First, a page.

digging even deeper into the archive…

… I found this work dating from 1998, a time when I was obsessed with painting Staffordshire horses and riders.

My late mother rode, but never to my knowledge side-saddle or dressed in such an elaborate riding-habit, hat and veil. It’s a romantic notion that I could summon her memory with this particular Staffordshire figure, but I painted it repeatedly in the struggle to conjure her, and this was the painting that I felt captured something essential, if not of the woman, then of my child’s image of her as a graceful equestrienne. The painting was acquired by my friend Berni as a a gift for her sister Reggie.

I haven’t painted a piece of Staffordshire for a very long time, and I don’t know at this stage whether I’ll return to the subject. The early works are Neo-romantic in tone, mainly painted in acrylic ink. Here’s another, this time of a shepherdess and sheep.

It’s inconceivable that I’d paint such a turbulent Neo-romantic sky now. But there are signs of what was about to develop in my work in the topography of the ‘imagined’ landscape behind the figure. Made up of giant boulder-like hills, one has a portal carved into it, and the other is surmounted by my signature of the time, the tower of Tretower Castle. I say that the landscape was ‘imagined’, but in fact it was ‘borrowed’ from an etching by Graham Sutherland, whose work when he was an early Neo-romantic much influenced me. The earthenware dish to the left was made either by Peter’s mother or father… hard to know which as they had the same initials… and was a piece I used in many early still-life paintings.

While working on the painting the unexpected death occurred of the daughter of a friend, and the feel of it changed as I wove in references to the myth of Euridice.  The dark doorway in the hill that may be the gateway to the Underworld, the sense of night overwhelming day in a single image, and the fact that I painted coins to pay the ferryman in the foreground under the dish, all point to my sombre preoccupation. The Staffordshire girl looks on, her scale made ambiguous by her placement in the foreground, and her ostensible gayety… bright dress and plumed hat… rendered elegiac by the tone of the work. (It’s a feature of Staffordshire that the animals are often over-scaled to the children, lending a fairy-tale quality to the juxtapositions. The costumes too are extremely fanciful, but add to the doll-like charm.)  All these years on I can see what a strange, haunted painting this is, though it’s a perfect example of how the events of my daily life had begun to slip into my work. Seeing it again fills me with sadness.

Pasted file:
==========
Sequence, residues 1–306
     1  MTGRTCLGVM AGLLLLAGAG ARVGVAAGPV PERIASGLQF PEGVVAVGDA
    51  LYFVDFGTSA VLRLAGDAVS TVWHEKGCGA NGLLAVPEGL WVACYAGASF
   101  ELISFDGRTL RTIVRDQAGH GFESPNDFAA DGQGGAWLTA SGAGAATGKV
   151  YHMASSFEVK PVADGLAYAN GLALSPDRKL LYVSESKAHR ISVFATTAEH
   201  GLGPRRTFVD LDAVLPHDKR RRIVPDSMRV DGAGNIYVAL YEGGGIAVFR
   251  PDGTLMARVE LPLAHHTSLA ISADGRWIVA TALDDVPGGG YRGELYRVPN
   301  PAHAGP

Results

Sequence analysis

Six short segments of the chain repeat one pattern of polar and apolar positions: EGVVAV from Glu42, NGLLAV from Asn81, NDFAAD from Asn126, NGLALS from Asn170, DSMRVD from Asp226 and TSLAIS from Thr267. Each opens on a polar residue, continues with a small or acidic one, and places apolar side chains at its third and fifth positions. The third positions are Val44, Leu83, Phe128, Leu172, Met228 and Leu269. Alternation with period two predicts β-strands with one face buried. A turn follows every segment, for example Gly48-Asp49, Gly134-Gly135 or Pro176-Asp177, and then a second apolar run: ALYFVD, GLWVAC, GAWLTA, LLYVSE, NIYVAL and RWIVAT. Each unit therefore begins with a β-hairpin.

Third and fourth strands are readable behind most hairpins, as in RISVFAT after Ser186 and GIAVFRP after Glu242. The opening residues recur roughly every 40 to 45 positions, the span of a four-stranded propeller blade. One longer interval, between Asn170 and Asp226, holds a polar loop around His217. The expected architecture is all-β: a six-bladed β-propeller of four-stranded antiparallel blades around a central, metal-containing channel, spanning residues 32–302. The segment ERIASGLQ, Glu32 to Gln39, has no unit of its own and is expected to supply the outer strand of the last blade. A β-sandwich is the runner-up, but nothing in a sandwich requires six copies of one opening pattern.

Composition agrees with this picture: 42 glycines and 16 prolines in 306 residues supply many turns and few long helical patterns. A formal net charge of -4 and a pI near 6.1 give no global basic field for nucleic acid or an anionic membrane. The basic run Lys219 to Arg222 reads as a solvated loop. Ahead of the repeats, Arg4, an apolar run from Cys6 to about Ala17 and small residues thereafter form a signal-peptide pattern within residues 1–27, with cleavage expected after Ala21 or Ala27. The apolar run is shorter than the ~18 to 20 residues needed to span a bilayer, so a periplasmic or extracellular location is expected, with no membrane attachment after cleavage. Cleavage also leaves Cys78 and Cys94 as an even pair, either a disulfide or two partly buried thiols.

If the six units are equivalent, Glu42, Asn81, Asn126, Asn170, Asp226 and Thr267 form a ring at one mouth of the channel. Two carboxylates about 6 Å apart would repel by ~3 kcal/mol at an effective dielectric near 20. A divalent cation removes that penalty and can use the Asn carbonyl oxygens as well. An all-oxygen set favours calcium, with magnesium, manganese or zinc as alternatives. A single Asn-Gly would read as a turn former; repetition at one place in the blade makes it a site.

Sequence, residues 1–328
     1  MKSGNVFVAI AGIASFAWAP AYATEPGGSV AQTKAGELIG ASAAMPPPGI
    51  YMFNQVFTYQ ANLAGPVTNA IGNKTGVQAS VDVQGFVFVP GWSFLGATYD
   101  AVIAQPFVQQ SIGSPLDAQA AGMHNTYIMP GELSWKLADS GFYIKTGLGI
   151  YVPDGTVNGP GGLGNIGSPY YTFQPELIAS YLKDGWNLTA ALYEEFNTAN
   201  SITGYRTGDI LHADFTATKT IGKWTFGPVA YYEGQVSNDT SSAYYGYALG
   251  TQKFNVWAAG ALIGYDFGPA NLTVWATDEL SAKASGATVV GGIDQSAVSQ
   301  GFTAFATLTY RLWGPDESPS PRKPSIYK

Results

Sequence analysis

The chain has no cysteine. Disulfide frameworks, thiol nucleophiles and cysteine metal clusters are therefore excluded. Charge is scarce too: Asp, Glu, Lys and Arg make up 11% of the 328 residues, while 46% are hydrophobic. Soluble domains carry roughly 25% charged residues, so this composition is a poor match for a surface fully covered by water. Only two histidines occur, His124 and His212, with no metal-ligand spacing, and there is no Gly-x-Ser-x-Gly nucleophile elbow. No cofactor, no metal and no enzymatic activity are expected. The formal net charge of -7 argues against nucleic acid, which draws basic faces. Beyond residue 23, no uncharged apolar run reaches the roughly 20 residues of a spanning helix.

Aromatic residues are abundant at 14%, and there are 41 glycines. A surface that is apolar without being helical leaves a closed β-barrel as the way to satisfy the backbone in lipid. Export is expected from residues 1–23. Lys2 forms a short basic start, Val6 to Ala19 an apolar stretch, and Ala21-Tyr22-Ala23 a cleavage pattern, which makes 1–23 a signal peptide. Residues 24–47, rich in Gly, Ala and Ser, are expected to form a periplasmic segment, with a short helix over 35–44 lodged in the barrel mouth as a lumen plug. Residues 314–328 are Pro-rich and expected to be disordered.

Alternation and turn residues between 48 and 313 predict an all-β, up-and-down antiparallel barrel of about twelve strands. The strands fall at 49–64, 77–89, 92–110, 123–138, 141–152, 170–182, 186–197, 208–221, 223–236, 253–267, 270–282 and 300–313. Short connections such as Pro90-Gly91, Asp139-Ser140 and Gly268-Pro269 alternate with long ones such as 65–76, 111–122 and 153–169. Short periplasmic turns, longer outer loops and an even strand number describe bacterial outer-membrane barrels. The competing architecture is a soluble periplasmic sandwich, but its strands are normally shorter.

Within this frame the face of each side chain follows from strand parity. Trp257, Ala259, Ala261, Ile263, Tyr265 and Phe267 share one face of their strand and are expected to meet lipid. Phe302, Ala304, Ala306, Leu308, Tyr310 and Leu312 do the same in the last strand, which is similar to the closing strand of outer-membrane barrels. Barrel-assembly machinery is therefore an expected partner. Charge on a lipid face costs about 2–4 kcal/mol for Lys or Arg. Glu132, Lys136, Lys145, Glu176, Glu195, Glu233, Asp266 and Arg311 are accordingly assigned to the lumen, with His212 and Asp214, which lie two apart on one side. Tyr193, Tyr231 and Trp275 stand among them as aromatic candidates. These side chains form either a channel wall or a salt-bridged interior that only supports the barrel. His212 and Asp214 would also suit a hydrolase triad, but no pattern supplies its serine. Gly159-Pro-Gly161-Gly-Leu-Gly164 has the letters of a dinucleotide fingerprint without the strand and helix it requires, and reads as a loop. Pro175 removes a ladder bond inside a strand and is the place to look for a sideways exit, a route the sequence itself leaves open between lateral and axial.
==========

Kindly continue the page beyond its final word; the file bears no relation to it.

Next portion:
In 2002 an image of  it was used as the wrap-around cover of Planet magazine. An article in the issue, Clive Hicks-Jenkins and the Demon at the Gate, was written by the painter and art historian Robert Macdonald.

The little shepherdess probably marked the apogee of my full-blown Neo-romantic period. Subsequently things began to change, and tomorrow I’ll post images that marked the transition as I moved toward to a new, more measured pictorial style.

3 thoughts on “digging even deeper into the archive…

  1. Pingback: the road to beastly passions part 1: origins | Clive Hicks-Jenkins' Artlog:

  2. that top image really holds me–the depth and tone of that blue are amazing, and the lady and her horse have such a grace and elegance…
    as for the second, the shadows of storm and night fast approaching the child and her fairy-tale companion certainly carry the sense of unexpected turbulence. the play of light and shadow and the motion around the moon also add a frightening feel.
    these are beautiful paintings…thank you for sharing them!

    • Thank you for that Zoe. It’s strange examining these works because things have moved on so much since I made them. It’s rather like looking back at a younger, more inexperienced self and wondering where that person went. They seem quite dark to me. I don’t mean in terms of the colours or the night time settings, but in character. They seem dark in character.

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